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The trial involves injecting a virus into the eye to deliver billions of healthy genes to replace a key missing gene for choroideremia sufferers.

Gene therapy phase two
Kanmin Xue, Mike Daw (National Eye Research Centre), Dolores Conroy (Fight for Sight), Dot Grindley and Emma Salisbury (Tommy Salisbury Choroideremia Fund), Robert MacLaren

The University of Oxford-led study has enrolled 30 participants at the John Radcliffe’s Oxford Eye Hospital, led by Professor Robert MacLaren of the Nuffield Department of Clinical Neurosciences.

The study will use an operating microscope with integrated optical coherence tomography (OCT) that will refine the surgery integral to the gene replacement therapy. The OPMI Lumera 700 Rescan enables surgeons to track changes in the retinal anatomy in real time and thereby permit safe and precise delivery of the gene therapy virus.

Paul McGuire, 45, from Billericay, Essex, was diagnosed with the condition in March 2013 and was the first patient to have the operation using the operating microscope. He said: “I can’t thank the team at Oxford enough. I’m incredibly grateful to have had the opportunity to potentially halt further deterioration in one eye and I already feel it has made a slight improvement to my vision. Having experienced first-hand the benefits of technology and the importance of eye research I will continue to fundraise for Fight for Sight and hope one day there will be a cure.”

On behalf of the Clinical Ophthalmology Research Group at the University of Oxford I would like to thank all its generous benefactors for assisting us in raising funds for an OCT operating microscope for the Oxford Eye Hospital. The equipment is being used in exciting new gene therapies for the treatment of patients suffering from incurable eye conditions.
- Professor Robert MacLaren

The microscope’s funders include Fight for Sight, Tommy Salisbury Choroideremia Fund at Fight for Sight, National Eye Research Centre, Choroideremia Research Foundation USA, Saturday Hospital Fund and benefactors of the MacLaren Group. The gene therapy trial has been funded by the Efficacy and Mechanism Evaluation (EME) Programme, a Medical Research Council (MRC) and NIHR partnership. The Tommy Salisbury Choroideremia Fund contributed £45,000 towards the £191,000 cost of the microscope.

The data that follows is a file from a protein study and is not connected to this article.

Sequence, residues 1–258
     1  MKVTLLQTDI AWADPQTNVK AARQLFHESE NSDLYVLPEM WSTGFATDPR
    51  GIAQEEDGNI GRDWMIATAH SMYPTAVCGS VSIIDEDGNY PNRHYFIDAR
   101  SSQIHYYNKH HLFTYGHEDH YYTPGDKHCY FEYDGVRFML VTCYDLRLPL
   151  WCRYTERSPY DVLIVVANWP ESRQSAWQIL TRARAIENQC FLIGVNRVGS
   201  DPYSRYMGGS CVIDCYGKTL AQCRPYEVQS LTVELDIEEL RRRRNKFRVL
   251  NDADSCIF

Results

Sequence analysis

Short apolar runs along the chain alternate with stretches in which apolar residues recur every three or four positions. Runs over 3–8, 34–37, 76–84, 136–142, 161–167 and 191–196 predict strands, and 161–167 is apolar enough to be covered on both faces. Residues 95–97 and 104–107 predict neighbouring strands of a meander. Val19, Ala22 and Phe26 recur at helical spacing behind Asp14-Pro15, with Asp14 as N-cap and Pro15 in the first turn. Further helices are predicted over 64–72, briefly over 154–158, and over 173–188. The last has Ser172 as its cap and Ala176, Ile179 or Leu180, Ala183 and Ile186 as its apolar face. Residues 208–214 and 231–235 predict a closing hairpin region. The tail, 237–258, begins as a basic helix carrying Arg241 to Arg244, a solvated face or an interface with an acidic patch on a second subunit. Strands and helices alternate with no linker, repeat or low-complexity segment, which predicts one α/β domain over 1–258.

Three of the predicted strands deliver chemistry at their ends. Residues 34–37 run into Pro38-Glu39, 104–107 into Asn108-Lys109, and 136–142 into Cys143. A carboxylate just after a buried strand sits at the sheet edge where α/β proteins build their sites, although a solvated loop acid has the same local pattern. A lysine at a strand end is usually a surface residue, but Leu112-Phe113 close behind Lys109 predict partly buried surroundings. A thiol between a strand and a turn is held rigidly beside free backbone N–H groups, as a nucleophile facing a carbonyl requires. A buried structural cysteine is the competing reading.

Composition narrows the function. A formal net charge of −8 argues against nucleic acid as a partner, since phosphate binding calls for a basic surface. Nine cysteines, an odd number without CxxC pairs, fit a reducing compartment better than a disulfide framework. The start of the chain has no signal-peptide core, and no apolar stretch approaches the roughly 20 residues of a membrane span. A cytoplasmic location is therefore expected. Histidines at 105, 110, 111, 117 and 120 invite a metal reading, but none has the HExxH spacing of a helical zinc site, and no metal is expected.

The family have been supporters of Fight for Sight, the UK’s main eye research charity since Tommy Salisbury, 16, was diagnosed with choroideremia aged four. After Tommy’s diagnosis the family set up the fund through Fight for Sight and in the past decade have raised more than £500,000 for research into the condition.

His mother Emma Salisbury, 46, from Welling, along with her mum, Dot Grindley, who set up the fund, said: “Through our efforts we were able to help fund initial research that enabled Professor MacLaren to start the first clinical trial, so to be able to continue to raise additional funds and support the second phase is really exciting. It gives Tommy and us as a family tremendous hope that one day a cure will be found.”

Prof MacLaren said: “By using the OCT operating microscope it allows for better and safer outcomes for patients due to more refined surgery using the microscope. If successful this trial can be translated to other conditions such as retinitis pigmentosa, which affects one in 4,000 people.”